Interview by Paul Salfen

After receiving worldwide praise for her one-take unscripted performance in her debut film, Victoria, Spanish actress Laia Costa has been on a roll ever since in interesting American indie films and continues the streak with Maine, a story about a married woman named Bluebird that goes solo hiking along the Appalachian Trail that meets another solo hiker named Lake (Thomas Mann) that gets in the way of her journey of self-identity when they fall for each other. The sweet and subtle movie relies on the strength of Costa and Mann, who are essentially the only two real characters and they did spend a very non-Hollywood shoot with only the writer-director, Matthew Brown, for an intimate and touching outcome.

This year also saw the films Only You, Duck Butter, Life Itself, and Piercing pop up at screenings and festivals with Costa in it, with a couple of those releases out this next year for general release. Calling from Italy where she’s currently shooting a television show called “Devils,” Costa fondly looks back at Maine and the last few stellar years.


AMFM Magazine: This is such an interesting and complicated character. When you read the script, did you think, “I have to do this?”

Laia Costa: [It was] Not the script because I didn’t get her. I called Matthew [Brown, writer-director] right away and said, “I can’t understand what’s going on with her. Why is she doing what she does and why is she saying what she says?” And it was interesting because I thought there was something to learn here because I was not able to get it. And I think when that happens, you have to do it. Then shooting it with Matthew I saw he had a lot he wanted to talk about.

AMFM: So what was it about the character that made you not understand her? And then what made it OK?

LC: I don’t understand this hygiene thing. I thought it was going to be fun and it was going to be great being with Matthew and Thomas for a couple of days but it was rainy and I was sweaty and I was thinking, “Why do people want to do this for months?” I don’t understand it. So first I needed to understand why someone would want to do this kind of activity, you know? And there’s a lot to it and once I got that, I could talk to him about her past because I could not see anything of her past. When you understand that, you can talk about the story of the movie. So she’s very different than me in every way but I want to make sure I can be real with my characters so when I get the feeling that I’m not getting the characters as an honest human being, I’m afraid I’m not going to be able to portray them correctly with honesty so I was just making sure that I had all of the information and having the right questions, not just the questions I should have. That was a very interesting part to get together.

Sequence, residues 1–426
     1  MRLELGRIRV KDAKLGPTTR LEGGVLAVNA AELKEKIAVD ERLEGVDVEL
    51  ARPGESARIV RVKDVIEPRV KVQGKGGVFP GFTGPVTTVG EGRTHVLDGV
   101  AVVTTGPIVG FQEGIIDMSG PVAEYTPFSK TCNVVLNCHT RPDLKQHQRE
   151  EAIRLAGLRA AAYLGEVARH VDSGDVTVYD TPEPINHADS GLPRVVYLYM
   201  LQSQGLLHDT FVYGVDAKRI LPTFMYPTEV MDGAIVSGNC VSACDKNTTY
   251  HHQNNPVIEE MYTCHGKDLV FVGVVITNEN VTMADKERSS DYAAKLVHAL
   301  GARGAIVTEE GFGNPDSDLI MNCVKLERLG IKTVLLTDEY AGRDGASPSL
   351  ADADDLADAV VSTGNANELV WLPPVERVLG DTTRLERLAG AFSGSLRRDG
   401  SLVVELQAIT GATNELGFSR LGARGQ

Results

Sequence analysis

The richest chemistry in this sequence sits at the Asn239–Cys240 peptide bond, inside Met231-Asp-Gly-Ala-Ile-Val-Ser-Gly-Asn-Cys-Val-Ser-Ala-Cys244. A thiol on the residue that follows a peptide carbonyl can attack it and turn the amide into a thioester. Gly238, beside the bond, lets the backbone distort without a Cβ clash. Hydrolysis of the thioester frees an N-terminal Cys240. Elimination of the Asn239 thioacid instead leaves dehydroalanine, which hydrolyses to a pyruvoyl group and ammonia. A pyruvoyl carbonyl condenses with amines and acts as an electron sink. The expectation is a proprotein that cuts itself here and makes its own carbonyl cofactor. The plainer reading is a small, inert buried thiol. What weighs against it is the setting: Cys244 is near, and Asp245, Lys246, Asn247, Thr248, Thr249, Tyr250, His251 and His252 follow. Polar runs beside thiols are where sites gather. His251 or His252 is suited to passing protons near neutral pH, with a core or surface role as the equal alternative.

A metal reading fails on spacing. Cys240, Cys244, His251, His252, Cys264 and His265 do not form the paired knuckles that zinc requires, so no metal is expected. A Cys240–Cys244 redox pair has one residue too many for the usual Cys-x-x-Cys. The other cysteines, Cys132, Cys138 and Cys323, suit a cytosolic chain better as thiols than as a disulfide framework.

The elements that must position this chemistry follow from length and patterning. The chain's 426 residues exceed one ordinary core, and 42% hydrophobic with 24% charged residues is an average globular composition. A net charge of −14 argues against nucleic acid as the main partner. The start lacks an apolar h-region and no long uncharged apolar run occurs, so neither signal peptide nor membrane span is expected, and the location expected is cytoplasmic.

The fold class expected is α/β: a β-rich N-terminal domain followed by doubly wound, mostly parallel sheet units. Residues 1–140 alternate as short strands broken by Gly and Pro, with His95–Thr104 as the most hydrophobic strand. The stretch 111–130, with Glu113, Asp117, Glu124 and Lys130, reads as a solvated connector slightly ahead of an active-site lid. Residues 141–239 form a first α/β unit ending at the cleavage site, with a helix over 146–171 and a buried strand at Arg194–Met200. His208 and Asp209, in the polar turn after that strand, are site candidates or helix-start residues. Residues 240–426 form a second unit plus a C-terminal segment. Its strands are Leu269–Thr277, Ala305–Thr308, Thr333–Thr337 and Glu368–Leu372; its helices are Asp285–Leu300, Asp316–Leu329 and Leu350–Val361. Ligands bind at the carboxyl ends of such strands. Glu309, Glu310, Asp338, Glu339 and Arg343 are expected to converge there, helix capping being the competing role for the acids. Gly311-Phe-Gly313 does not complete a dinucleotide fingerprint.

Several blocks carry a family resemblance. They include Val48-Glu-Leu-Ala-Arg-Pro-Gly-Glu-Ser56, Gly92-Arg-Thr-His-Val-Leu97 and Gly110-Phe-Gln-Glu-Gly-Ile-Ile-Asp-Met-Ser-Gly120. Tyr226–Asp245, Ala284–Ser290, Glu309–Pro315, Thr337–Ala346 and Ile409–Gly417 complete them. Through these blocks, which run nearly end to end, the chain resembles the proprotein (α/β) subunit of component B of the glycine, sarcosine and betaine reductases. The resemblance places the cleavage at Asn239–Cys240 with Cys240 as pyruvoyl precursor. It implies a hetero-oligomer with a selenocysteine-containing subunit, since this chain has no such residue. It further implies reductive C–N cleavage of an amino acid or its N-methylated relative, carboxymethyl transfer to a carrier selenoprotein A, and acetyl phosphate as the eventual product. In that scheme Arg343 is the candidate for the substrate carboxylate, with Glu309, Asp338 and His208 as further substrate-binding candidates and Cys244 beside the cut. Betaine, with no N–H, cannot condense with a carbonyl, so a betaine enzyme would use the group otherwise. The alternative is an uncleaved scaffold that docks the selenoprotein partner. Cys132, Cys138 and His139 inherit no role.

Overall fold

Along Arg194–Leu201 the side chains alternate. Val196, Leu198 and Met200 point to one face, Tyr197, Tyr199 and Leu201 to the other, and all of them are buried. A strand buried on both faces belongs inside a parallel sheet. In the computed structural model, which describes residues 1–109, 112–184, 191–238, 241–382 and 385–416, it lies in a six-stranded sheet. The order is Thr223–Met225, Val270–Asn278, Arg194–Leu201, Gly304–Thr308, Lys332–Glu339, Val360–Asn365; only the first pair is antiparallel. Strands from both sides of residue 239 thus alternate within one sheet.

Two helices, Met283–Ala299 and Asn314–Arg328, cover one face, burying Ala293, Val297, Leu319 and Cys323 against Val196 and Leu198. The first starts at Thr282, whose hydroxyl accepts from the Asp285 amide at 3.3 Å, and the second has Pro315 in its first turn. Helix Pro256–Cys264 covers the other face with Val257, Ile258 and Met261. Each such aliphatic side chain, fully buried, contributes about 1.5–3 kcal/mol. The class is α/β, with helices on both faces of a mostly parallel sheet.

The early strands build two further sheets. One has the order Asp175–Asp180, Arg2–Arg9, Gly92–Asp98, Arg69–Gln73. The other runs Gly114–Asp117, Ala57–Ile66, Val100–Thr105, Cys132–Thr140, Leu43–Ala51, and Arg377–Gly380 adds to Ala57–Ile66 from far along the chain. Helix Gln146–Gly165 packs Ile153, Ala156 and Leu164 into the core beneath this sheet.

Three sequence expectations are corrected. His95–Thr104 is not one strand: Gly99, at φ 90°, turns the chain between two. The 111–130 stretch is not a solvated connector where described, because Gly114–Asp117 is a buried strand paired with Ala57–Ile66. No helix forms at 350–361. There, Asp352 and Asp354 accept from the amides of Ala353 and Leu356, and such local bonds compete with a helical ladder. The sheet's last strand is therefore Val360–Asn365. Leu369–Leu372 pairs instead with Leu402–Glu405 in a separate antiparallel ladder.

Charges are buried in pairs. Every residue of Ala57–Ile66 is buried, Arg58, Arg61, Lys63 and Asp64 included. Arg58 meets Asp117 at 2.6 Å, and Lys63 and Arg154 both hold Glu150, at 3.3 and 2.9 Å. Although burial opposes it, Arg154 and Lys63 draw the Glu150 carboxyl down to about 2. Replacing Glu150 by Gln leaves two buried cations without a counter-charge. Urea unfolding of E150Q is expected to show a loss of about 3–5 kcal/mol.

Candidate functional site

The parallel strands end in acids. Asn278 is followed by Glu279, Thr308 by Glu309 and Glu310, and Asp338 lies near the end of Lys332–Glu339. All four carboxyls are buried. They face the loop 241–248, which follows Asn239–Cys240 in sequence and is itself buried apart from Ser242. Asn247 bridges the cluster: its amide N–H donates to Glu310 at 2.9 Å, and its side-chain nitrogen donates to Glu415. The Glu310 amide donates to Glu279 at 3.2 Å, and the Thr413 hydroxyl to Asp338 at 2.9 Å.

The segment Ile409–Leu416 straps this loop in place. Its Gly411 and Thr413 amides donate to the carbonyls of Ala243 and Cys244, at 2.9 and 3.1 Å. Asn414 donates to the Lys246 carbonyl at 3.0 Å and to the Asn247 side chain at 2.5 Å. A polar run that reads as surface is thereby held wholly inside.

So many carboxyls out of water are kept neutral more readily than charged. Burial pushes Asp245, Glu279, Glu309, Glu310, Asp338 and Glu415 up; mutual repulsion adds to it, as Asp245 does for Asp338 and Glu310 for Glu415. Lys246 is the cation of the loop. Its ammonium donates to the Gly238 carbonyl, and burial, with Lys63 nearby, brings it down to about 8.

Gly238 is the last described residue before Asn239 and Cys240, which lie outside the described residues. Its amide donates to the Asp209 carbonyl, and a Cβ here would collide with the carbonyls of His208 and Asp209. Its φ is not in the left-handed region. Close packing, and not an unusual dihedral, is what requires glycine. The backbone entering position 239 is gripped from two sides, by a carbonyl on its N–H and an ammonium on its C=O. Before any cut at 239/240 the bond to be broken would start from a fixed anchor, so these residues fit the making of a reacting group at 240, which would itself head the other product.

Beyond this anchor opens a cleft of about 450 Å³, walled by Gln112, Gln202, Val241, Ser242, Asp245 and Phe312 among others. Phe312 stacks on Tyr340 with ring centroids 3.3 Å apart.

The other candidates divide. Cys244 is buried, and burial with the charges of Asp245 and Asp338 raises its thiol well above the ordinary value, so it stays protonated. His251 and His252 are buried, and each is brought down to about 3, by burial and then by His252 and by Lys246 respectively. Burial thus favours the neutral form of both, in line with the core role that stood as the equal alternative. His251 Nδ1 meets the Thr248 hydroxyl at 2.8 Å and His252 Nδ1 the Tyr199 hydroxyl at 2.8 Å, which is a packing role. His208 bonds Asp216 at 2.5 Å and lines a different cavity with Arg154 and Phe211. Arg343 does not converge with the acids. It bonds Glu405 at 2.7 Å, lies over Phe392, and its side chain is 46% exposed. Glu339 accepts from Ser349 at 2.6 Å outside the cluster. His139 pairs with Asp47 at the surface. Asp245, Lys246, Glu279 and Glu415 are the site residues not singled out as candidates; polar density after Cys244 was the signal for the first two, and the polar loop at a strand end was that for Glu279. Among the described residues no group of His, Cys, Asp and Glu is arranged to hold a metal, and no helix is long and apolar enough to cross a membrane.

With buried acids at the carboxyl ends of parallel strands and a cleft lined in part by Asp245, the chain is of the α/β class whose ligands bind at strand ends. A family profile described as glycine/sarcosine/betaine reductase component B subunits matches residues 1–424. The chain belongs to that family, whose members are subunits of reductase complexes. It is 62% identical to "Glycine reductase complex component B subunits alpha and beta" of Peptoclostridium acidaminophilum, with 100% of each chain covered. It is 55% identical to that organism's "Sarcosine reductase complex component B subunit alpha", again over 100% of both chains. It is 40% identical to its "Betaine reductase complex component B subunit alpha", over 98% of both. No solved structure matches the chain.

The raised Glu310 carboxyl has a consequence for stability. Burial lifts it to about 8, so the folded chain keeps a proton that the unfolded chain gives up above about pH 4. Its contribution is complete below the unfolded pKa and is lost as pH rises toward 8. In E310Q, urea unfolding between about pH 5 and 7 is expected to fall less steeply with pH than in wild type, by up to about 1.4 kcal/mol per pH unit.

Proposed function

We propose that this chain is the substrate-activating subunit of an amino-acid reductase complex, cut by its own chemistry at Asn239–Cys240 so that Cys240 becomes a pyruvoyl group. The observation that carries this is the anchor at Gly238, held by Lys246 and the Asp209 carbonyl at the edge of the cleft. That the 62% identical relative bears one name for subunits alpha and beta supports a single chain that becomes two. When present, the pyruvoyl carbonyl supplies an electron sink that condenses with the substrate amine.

AMFM: Is it harder to play a character that you don’t relate to?
LC: I think more interesting. I think it’s harder but it’s a good harder situation. I think if you play yourself, you’re boring. You’re just going the easy way somehow. But if it’s a demanding character, you have to work on it 24 hours. A lot of people say the biggest pressure comes from the biggest challenges so you have do something with a lot of effort and conscience. You take the pleasure out of it if it’s something you know you can do.

AMFM: You seem to have an interesting life. Just as interesting as a character in a movie!


LC: Yeah, I don’t know. I think I’m still figuring it out. [Laughs] I think this world of storytellers is a very interesting life. I think that we’re changing roles and stories over and over again is a very interesting profession, but it’s a weird one. I like to talk a lot to older actors and I feel like some people lose their minds in roles back to back and it depends on how you work but I’m just very involved in the projects that I’m in. I like to really go there but then you have to go back to your real life and make sure it’s as interesting as the life in your project, you know what I mean? [Laughs] To make sure when someone asks you if you’re having an interesting life, you can tell them, “Yes, I’m having a very interesting life.”

AMFM: What was the path for you from Spain to Hollywood? Did you see a certain movie that made you want to do this?